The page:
Mom: Son's suicide in jail could have been prevented

By: Jodie Fleischer

Updated:

The city of Doraville has agreed to pay a local mother $2 million after her son hanged himself using a blanket inside the city's jail.

Records show jailers failed to give him his antidepressant medicine and then didn't check on him for several hours. City policy mandates employees check on inmates every 20 minutes.

"It makes me very angry, very, very angry, and so sad," Debra Robton told Channel 2 Investigative Reporter Jodie Fleischer.

Debra Robton has never watched the video that shows her son, Yoel Robton, looking anxious and desperate.

He repeatedly paced his jail cell, climbing up to look out the window several times.

"I know he wouldn't have done this unless he was below the barrel. He had to be so low and feeling so hopeless," said Debra Robton.

She had seen the darkness when her son was off his meds once before. That's why family brought his prescription to jailers following his arrest on a warrant, after a fender bender.

"You have to provide them their medication. You need to be checking on them. These are basic things that need to be done," said Jed Manton, Yoel Robton's attorney.

But an internal investigation following Yoel Robton's death found city employees violated their own policies.

There are supposed to be mandatory checks three times an hour. During the investigation, employees indicated that due to staffing shortages, those we often done by glancing at video monitors instead of in person.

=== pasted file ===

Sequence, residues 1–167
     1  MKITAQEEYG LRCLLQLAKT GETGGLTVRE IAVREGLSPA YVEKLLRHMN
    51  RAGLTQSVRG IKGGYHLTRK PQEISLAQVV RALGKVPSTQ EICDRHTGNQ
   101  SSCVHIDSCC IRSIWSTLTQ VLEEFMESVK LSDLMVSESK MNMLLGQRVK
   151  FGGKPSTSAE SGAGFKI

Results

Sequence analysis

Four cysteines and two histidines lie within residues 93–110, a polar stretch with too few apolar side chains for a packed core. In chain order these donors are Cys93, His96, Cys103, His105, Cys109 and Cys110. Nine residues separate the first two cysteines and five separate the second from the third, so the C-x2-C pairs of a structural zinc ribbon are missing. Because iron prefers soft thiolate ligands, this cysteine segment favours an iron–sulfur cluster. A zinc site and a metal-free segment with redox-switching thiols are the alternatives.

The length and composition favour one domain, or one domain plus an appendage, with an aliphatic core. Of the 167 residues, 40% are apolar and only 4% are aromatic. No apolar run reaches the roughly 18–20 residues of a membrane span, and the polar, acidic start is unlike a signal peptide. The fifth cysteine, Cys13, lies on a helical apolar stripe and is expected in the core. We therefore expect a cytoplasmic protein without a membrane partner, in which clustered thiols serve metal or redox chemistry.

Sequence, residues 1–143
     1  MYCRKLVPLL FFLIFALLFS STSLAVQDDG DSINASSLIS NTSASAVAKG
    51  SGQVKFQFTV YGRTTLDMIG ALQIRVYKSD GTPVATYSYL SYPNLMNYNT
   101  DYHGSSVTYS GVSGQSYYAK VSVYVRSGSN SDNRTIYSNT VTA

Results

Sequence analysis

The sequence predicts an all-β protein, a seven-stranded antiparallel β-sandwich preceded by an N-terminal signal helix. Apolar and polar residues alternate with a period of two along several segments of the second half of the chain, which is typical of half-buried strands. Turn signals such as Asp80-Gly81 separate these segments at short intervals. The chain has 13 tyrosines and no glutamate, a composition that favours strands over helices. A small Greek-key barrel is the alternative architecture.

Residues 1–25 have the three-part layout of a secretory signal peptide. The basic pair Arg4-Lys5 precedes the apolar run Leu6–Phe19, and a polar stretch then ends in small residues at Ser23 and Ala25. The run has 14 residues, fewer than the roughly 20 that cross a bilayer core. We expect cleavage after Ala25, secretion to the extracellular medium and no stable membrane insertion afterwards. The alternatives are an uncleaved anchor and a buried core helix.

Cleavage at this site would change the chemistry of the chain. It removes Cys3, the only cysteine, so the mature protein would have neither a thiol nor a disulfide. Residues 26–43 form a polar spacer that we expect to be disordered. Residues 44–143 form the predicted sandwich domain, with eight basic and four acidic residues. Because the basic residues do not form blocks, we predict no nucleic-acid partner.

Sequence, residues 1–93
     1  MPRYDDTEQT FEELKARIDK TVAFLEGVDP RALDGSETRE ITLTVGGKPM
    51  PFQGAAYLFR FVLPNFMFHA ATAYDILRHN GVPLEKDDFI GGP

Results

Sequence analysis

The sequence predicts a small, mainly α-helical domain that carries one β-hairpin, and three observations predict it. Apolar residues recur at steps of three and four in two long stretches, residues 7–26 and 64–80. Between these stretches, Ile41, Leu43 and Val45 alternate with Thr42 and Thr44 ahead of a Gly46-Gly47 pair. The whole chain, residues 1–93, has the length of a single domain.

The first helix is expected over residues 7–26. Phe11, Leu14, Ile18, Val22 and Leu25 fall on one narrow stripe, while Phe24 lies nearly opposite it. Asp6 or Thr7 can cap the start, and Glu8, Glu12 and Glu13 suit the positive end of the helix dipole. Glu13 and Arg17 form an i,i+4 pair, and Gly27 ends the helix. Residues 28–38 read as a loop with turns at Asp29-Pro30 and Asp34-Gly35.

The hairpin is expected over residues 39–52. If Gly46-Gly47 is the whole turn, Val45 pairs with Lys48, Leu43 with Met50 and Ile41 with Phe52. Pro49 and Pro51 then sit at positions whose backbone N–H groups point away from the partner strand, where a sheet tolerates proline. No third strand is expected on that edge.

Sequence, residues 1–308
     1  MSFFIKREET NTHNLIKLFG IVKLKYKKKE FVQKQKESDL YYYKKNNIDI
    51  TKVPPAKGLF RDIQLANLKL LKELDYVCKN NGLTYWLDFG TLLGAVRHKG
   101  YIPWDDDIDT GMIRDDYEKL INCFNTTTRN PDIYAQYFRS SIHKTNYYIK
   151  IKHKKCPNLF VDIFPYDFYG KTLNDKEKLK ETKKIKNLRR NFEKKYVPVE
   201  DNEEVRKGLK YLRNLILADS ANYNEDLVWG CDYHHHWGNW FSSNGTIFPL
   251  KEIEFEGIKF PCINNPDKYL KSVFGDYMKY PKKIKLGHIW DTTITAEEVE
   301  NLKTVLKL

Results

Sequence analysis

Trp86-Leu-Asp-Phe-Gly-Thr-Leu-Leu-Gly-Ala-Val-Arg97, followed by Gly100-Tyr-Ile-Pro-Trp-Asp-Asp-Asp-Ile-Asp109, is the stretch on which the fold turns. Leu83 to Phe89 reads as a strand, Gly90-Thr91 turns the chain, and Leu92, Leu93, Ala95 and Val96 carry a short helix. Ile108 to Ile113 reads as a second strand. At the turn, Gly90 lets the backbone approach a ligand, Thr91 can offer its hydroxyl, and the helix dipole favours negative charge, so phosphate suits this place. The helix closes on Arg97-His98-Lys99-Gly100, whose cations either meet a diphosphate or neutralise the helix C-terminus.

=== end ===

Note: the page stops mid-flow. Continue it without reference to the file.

Debra Robton says if they'd been done properly, a jailer might have noticed what her son was doing and prevented his death.

When Yoel Robton first tied his blanket around his bedpost at noon, no one noticed.

He slipped it over his head, several times.

At one point, he even sat down on the floor to test it out.

Around 5 p.m., a jailer delivered Yoel Robton's dinner and didn't notice the noose hanging in the cell.

Just after 8:30 p.m., Yoel Robton placed the blanket around his neck for the last time.

It took jailers 18 minutes to respond.

"It did not have to happen. It should not have happened," said Debra Robton. "He was just a very loving, loving kind soul."

Yoel Robton died at the hospital a few days later.

Manton says it took the city of Doraville nearly two years to release all of the details from its investigation, and settled the case shortly thereafter.

The city's insurance will pay the $2 million settlement.

"It wasn't about a lawsuit. It wasn't about money. It was about can you tell me what happened," said Manton.

In October 2014, the city recommended changing the blankets to brighter, more noticeable colors, cutting off the top bunk beds, and better staffing the jail to allow for more inmate checks.

"They knew that within months of this happening," said Manton, "So the delay of dragging it out for this much time, unnecessarily putting this family through the additional grief. It's a shame."

The Doraville police chief, mayor and city manager declined requests for an on-camera interview, but issued a statement saying they are still deeply saddened about what happened.

They have not yet provided records showing whether any employees were disciplined.

The jail has removed the top bunks from the beds and purchased a new kind of blanket that cannot be torn or tied into a knot.

Debra Robton is glad there have been changes, but knows nothing will bring back her son.

“I just wish he were here, just one more hug," she said.

National Suicide Prevention Lifeline (1-800-273-8255)

We can all help prevent suicide. The Lifeline provides 24/7, free and confidential support for people in distress, prevention and crisis resources for you or your loved ones, and best practices for professionals.

 

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